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Who ruined my elections?


PUJA AWASTHI | Lucknow, January 19, 2012 12:50
Tags : Assembly elections 2012 |

My earliest election memory goes back to the time when I was in school, much before I had read my first chapter of Civics and certainly much before I had seen the inside of a voting booth. On the short walk between where my school bus would drop me and what was then home, I would hear an election jingle that went “Mohar meri lage gi wahan kamal ka phool ho jahan…baliye…”. (Roughly translated…I will stamp on the lotus flower).

The ditty was set to a very popular old Hindi film song. My young mind found that jingle so arresting that even after so many years I cannot remember the original lyrics. The old tune, the election lyrics…that is how I remember it.

There was another popular slogan that went… “Chunnu ki Amma, Munnu ki Amma kidhar ja rahi ho? Haath ko vote dene ja rahi hain” (where do you go Chunnu/Munnu’s mother…we go to vote for the Hand). That slogan became such a hit between my brother and me that throughout election season we used its variations to ask the simplest of questions, always ending them with a long-drawn hooooo.

Those were the years when elections were colourful, boisterous affairs, taking everyone in their vibrant sweep. Contestants would ride by in impressive convoys that choked roads, banners and buntings would dress entire colonies, badges and flags would be thrust into hands freely and gifts like caps, pens, dupattas given abundantly.

It was also the time I did not understand politics but cried for hours after my class teacher announced that Indira Gandhi had been shot by her bodyguards and spent days being numb at the news of Rajiv Gandhi’s assassination. It was also the time when I couldn’t see through a class mate’s claim that her family had voted for Amitabh Bachchan. Given that Bachchan contested from Allahabad and my classmate was in Lucknow that could not happen, but I was too ignorant to know and made it a point to congratulate her on a choice well made!

That was also the time of Doordarshan and staid electoral debates in grainy black and white which the elders in my family would dutifully follow. I remember my grandfather holding up his radio to his ear for that all important 7.30 pm AIR news bulletin, his brows knitted together a little more deeper than usual in election season.

I could not vote but the elections were all around me. Their excitement was mine.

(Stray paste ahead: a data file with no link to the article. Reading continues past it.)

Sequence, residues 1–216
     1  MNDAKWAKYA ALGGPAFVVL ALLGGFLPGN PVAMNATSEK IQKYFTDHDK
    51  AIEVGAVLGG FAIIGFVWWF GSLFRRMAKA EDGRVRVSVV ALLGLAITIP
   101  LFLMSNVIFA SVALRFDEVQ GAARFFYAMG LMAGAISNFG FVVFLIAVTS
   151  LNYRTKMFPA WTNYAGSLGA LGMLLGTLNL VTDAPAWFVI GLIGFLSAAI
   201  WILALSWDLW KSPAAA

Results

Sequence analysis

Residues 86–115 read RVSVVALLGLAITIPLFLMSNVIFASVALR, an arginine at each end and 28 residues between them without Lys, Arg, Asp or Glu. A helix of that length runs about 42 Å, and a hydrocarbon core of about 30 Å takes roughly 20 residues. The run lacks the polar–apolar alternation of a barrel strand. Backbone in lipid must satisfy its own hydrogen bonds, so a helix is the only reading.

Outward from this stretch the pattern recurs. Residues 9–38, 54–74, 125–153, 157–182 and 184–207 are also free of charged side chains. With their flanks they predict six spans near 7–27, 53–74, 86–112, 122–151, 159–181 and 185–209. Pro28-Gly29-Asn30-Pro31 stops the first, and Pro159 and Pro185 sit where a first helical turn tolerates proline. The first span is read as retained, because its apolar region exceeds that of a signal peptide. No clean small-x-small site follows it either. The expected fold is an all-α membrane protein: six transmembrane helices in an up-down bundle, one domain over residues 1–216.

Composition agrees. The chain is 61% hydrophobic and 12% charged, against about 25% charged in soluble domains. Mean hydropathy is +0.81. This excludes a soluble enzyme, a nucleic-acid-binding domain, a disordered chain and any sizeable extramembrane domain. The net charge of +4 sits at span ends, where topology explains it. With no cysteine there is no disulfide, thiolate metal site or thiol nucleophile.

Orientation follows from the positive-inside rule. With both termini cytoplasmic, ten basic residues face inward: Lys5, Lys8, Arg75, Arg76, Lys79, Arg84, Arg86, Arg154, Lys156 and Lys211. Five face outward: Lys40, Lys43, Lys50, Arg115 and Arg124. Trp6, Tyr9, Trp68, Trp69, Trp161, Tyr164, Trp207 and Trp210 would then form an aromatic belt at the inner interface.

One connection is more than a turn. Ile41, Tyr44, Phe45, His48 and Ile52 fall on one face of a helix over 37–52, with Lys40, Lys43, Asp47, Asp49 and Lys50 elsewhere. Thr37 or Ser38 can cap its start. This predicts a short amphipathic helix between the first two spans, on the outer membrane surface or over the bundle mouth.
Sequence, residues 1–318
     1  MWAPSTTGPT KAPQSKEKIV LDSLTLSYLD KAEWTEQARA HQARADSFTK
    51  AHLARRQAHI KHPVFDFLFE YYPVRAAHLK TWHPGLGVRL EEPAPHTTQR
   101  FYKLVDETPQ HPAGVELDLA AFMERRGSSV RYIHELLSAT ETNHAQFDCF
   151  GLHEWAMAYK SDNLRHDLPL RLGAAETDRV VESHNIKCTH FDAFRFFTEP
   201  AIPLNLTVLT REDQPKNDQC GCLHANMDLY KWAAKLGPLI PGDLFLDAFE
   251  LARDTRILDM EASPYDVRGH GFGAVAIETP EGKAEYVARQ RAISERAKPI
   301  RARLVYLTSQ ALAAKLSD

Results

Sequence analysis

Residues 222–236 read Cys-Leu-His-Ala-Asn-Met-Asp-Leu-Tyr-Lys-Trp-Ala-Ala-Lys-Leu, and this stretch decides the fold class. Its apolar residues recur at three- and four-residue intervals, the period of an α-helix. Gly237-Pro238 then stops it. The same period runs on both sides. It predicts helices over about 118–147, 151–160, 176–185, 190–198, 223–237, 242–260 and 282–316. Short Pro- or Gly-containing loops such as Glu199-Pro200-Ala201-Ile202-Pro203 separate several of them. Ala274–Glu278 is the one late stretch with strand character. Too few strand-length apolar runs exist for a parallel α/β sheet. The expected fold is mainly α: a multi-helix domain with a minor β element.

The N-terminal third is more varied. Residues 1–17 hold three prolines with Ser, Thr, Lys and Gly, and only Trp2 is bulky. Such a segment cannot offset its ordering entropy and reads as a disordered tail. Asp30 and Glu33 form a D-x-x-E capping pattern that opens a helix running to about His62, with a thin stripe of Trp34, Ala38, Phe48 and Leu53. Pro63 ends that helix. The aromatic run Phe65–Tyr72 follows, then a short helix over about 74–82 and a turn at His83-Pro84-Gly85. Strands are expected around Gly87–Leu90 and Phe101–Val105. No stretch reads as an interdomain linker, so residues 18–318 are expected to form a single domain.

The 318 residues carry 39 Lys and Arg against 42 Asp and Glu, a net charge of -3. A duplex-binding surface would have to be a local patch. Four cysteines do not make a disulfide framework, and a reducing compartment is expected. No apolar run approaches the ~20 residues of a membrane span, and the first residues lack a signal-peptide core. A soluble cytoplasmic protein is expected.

In college (at Lucknow University) I witnessed the same spectacle and noise. The most stand out memory being that of a candidate in handcuffs, trailed by two policemen folding his hands before a petrified me for votes!

As the years rolled by the elections became quieter and quieter. My link with them was kept up by the elections campaign trails I followed, the rallies I covered and the politicians I interviewed. I understood politics better, had improved analytical skills and came to know my Civics first hand. But I lost the thrill.

I saw the elections, I covered the elections, I understood them in bits, but I did not necessarily enjoy them.

Make no mistakes. I have the greatest respect for the Election Commission. Over the years it has done a commendable job of cleaning up the electoral space. I have witnessed the horror of 21 women getting killed in a stampede to collect free sarees offered by BJP’s Lalji Tandon during the 2004 Lok Sabha polls.

My reporting has taken me to Dalit villages which have been able to cast their votes only because a vigilant EC made redundant the threats of upper caste strong men.

My point is simply that this process of cleaning up has also swept away the din and colour of elections.

That all they seem like any more are a civic and a professional duty. That the elections of my childhood are dead and gone.

(Disclaimer: The views expressed in the blog are that of the author and does not necessarily reflect the editorial policy of The Sunday Indian.)

(Disclaimer: The views expressed in the blog are that of the author and does not necessarily reflect the editorial policy of The Sunday Indian)
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Issue Dated: Feb 5, 2017